Did Kirby’s heirs put in the hours needed to develop his unique style? Did they create his characters? Of course they didn’t. But, literally no one in favor of their case has ever claimed otherwise.

Why does it bother people so much that Kirby’s heirs are attempting to right a tremendous wrong done to Jack? The only conclusion I can draw is that it’s because Jack Kirby was an artist, and culturally, we consider the arts to be, at best, a scam. As far as people who don’t work in a creative field are concerned, being an artist means an easy life, far divorced from what ‘real’ people do. You can almost hear the grinding of teeth when people say things like “Kirby should have considered himself lucky to be working at all” in the same tones used when explaining why people who slave away at McDonald’s on subsistence wages ought to be ashamed of themselves for having ended up with that job in the first place.

Jack Kirby Museum

It’s telling that we suddenly develop an allergy to inheritance, and to passing on our wealth to posterity only when it involves the creative arts. Sure, taxing someone’s estate is a “death tax”, vastly wealthy people have earned the right to pass on untold, unearned millions to their descendants without any financial penalty, and so-called Job Creators must never be hindered by regulations or taxes, lest the economy crash. But here is an example of someone whose labor actually has created thousands upon thousands of jobs, of someone with heirs who, under the law, are entitled to take the actions they are taking, of someone who it is impossible to deny was completely screwed by the people he enriched. And now we’re suddenly worried about the moral hazards involved with his children’s attempts to benefit from some of that wealth?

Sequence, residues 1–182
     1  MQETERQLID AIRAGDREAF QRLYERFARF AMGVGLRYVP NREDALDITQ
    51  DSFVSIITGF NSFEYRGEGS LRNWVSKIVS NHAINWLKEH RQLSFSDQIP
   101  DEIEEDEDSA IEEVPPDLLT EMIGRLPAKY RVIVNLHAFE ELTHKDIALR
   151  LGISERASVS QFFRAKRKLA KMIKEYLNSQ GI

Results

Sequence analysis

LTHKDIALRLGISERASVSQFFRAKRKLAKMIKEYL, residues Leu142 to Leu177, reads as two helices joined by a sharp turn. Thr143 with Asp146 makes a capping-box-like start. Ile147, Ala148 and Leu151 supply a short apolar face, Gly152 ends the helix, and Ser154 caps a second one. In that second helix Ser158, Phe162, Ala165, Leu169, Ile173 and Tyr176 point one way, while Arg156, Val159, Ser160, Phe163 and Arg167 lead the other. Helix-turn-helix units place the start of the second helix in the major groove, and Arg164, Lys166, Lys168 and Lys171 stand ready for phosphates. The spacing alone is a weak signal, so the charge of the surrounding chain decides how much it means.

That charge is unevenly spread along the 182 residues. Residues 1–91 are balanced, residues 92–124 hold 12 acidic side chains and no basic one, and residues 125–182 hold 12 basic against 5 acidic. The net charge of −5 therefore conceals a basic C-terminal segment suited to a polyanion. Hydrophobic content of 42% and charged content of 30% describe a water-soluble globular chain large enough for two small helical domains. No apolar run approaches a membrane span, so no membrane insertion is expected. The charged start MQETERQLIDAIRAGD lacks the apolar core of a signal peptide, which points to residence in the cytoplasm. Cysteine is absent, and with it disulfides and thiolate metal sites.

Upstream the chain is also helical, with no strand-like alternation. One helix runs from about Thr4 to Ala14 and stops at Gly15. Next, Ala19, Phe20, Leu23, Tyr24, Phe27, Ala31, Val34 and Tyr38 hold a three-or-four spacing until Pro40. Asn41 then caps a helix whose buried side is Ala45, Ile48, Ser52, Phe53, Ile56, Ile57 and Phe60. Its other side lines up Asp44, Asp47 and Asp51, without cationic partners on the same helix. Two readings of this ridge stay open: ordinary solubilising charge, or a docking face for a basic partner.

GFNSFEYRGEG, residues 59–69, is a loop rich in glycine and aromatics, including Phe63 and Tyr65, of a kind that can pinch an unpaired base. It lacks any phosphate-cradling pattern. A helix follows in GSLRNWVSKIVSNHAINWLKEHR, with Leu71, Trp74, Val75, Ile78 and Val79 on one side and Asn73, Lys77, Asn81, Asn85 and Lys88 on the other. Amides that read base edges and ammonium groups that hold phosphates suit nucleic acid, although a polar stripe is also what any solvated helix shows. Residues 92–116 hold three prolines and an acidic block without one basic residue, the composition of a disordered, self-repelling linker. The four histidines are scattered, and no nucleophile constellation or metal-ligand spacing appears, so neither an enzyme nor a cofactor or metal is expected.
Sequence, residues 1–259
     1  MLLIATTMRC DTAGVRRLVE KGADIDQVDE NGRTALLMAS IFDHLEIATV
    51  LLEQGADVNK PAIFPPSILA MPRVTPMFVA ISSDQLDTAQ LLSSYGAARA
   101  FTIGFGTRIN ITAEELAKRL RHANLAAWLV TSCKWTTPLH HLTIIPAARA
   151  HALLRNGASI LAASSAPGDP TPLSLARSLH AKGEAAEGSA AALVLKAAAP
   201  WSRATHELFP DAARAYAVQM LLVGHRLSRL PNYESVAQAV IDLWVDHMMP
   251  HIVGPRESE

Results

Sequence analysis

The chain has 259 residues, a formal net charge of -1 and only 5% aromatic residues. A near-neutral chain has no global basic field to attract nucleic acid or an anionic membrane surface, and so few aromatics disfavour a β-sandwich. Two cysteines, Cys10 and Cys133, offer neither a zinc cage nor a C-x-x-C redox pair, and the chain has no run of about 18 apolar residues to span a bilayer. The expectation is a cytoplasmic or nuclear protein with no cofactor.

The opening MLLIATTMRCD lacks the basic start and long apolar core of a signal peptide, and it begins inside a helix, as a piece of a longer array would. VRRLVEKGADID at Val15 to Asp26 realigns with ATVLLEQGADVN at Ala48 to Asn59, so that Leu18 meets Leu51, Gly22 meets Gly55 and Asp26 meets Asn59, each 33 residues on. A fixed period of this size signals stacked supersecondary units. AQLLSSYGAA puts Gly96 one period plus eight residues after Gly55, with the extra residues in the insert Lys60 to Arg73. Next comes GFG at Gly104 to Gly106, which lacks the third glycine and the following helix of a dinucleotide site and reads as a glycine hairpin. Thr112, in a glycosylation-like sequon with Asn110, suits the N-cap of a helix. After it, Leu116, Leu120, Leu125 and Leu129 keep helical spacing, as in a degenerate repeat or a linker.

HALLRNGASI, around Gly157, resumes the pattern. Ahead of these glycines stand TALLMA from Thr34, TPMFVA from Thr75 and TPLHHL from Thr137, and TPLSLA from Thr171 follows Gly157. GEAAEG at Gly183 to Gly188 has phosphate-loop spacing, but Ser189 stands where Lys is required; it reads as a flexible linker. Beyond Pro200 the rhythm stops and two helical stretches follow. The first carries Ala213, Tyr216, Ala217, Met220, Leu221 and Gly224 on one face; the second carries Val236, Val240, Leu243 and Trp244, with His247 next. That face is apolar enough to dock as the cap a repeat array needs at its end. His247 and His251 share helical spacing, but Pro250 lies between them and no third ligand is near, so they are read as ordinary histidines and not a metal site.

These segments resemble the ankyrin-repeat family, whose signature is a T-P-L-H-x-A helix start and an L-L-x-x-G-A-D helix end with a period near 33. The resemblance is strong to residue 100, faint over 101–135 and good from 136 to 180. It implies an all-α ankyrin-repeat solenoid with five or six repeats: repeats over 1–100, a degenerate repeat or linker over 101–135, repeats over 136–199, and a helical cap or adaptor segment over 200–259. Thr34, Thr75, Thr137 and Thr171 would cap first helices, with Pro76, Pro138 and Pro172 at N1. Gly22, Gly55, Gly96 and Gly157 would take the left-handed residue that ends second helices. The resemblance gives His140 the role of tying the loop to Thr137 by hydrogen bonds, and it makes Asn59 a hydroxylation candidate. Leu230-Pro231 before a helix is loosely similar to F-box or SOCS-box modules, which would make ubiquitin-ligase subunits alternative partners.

Artists are workers, just like you and just like me, and the relative coolness of their job doesn’t make them less entitled to fair treatment. And under the law itself, that includes the artist’s heirs. Sure, OK, fine, Kirby’s family didn’t actually do any of Kirby’s work. But you know what? With the possible exception of Stan Lee, whose relationship with Marvel has in fact made him rich, the same argument applies to every single person at the company that currently owns and benefits exclusively from that work.

Frankly, tut-tutting about anything other than the issues involved doesn’t make you a superior moral thinker, it makes you kind of an asshole. This case isn’t about whether or not Kirby’s kids will get rich “unfairly”. This case is about the rights of every single contract and freelancer worker in the country. You don’t have to like the plaintiffs in the case to agree that those rights are important.

If you disagree with the arguments of the case, that’s fair. Lay into them. If you think Kirby deserved to be screwed over, that’s fair too, though, damn that’s weird. But strawman arguments don’t advance any reasonable point, even if you have a whole family of strawmen. Stick to the real issues, and stop worrying about whether or not someone, somewhere, might get an expensive car you think they don’t deserve, ok?